PMCC PMCC

Search tips
Search criteria

Advanced
Results 1-3 (3)
 

Clipboard (0)
None

Select a Filter Below

Journals
Authors
more »
Year of Publication
1.  Triple subcellular targeting of isopentenyl diphosphate isomerases encoded by a single gene 
Plant Signaling & Behavior  2012;7(11):1495-1497.
Isopentenyl diphosphate isomerase (IDI) is a key enzyme of the isoprenoid pathway, catalyzing the interconversion of isopentenyl diphosphate and dimethylallyl diphosphate, the universal precursors of all isoprenoids. In plants, several subcellular compartments, including cytosol/ER, peroxisomes, mitochondria and plastids, are involved in isoprenoid biosynthesis. Here, we report on the unique triple targeting of two Catharanthus roseus IDI isoforms encoded by a single gene (CrIDI1). The triple localization of CrIDI1 in mitochondria, plastids and peroxisomes is explained by alternative transcription initiation of CrIDI1, by the specificity of a bifunctional N-terminal mitochondria/plastid transit peptide and by the presence of a C-terminal peroxisomal targeting signal. Moreover, bimolecular fluorescence complementation assays revealed self-interactions suggesting that the IDI likely acts as a multimer in vivo.
doi:10.4161/psb.21892
PMCID: PMC3548878  PMID: 22951398
isopentenyl diphosphate isomerase; isoprenoid; alkaloid; triple targeting; subcellular localization; Catharanthus roseus
2.  Subcellular evidence for the involvement of peroxisomes in plant isoprenoid biosynthesis 
Plant Signaling & Behavior  2011;6(12):2044-2046.
The role of peroxisomes in isoprenoid metabolism, especially in plants, has been questioned in several reports. A recent study of Sapir-Mir et al.1 revealed that the two isoforms of isopentenyl diphosphate (IPP) isomerase, catalyzing the isomerisation of IPP to dimethylallyl diphosphate (DMAPP) are found in the peroxisome. In this addendum, we provide additional data describing the peroxisomal localization of 5-phosphomevalonate kinase and mevalonate 5-diphosphate decarboxylase, the last two enzymes of the mevalonic acid pathway leading to IPP.2 This finding was reinforced in our latest report showing that a short isoform of farnesyl diphosphate, using IPP and DMAPP as substrates, is also targeted to the organelle.3 Therefore, the classical sequestration of isoprenoid biosynthesis between plastids and cytosol/ER can be revisited by including the peroxisome as an additional isoprenoid biosynthetic compartment within plant cells.
doi:10.4161/psb.6.12.18173
PMCID: PMC3337203  PMID: 22080790
5-phosphomevalonate kinase; Arabidopsis thaliana; Catharanthus roseus; farnesyl diphosphate synthase; isoprenoid; mevalonate 5-diphosphate decarboxylase; mevalonic acid pathway; peroxisome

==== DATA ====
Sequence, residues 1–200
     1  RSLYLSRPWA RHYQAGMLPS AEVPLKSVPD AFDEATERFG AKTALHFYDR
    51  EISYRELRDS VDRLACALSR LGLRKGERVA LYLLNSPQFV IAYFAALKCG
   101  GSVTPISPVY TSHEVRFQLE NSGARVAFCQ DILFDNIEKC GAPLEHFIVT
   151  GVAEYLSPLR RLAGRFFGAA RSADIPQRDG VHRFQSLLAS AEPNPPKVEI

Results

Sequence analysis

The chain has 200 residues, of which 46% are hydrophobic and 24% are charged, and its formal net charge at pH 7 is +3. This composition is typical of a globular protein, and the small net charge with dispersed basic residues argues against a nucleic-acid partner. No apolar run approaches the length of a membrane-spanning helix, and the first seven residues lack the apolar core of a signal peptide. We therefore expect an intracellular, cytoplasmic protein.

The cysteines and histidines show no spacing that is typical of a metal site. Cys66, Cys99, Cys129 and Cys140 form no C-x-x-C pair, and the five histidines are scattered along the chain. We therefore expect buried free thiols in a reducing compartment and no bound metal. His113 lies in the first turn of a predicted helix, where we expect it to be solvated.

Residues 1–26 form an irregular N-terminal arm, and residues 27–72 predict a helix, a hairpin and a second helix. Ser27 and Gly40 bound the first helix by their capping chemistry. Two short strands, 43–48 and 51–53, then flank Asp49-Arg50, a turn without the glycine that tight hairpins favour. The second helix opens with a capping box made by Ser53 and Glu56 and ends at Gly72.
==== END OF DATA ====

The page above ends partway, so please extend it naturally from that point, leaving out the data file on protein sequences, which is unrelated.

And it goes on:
3.  Strictosidine activation in Apocynaceae: towards a "nuclear time bomb"? 
BMC Plant Biology  2010;10:182.
Background
The first two enzymatic steps of monoterpene indole alkaloid (MIA) biosynthetic pathway are catalysed by strictosidine synthase (STR) that condensates tryptamine and secologanin to form strictosidine and by strictosidine β-D-glucosidase (SGD) that subsequently hydrolyses the glucose moiety of strictosidine. The resulting unstable aglycon is rapidly converted into a highly reactive dialdehyde, from which more than 2,000 MIAs are derived. Many studies were conducted to elucidate the biosynthesis and regulation of pharmacologically valuable MIAs such as vinblastine and vincristine in Catharanthus roseus or ajmaline in Rauvolfia serpentina. However, very few reports focused on the MIA physiological functions.
Results
In this study we showed that a strictosidine pool existed in planta and that the strictosidine deglucosylation product(s) was (were) specifically responsible for in vitro protein cross-linking and precipitation suggesting a potential role for strictosidine activation in plant defence. The spatial feasibility of such an activation process was evaluated in planta. On the one hand, in situ hybridisation studies showed that CrSTR and CrSGD were coexpressed in the epidermal first barrier of C. roseus aerial organs. However, a combination of GFP-imaging, bimolecular fluorescence complementation and electromobility shift-zymogram experiments revealed that STR from both C. roseus and R. serpentina were localised to the vacuole whereas SGD from both species were shown to accumulate as highly stable supramolecular aggregates within the nucleus. Deletion and fusion studies allowed us to identify and to demonstrate the functionality of CrSTR and CrSGD targeting sequences.
Conclusions
A spatial model was drawn to explain the role of the subcellular sequestration of STR and SGD to control the MIA metabolic flux under normal physiological conditions. The model also illustrates the possible mechanism of massive activation of the strictosidine vacuolar pool upon enzyme-substrate reunion occurring during potential herbivore feeding constituting a so-called "nuclear time bomb" in reference to the "mustard oil bomb" commonly used to describe the myrosinase-glucosinolate defence system in Brassicaceae.
doi:10.1186/1471-2229-10-182
PMCID: PMC3095312  PMID: 20723215

Results 1-3 (3)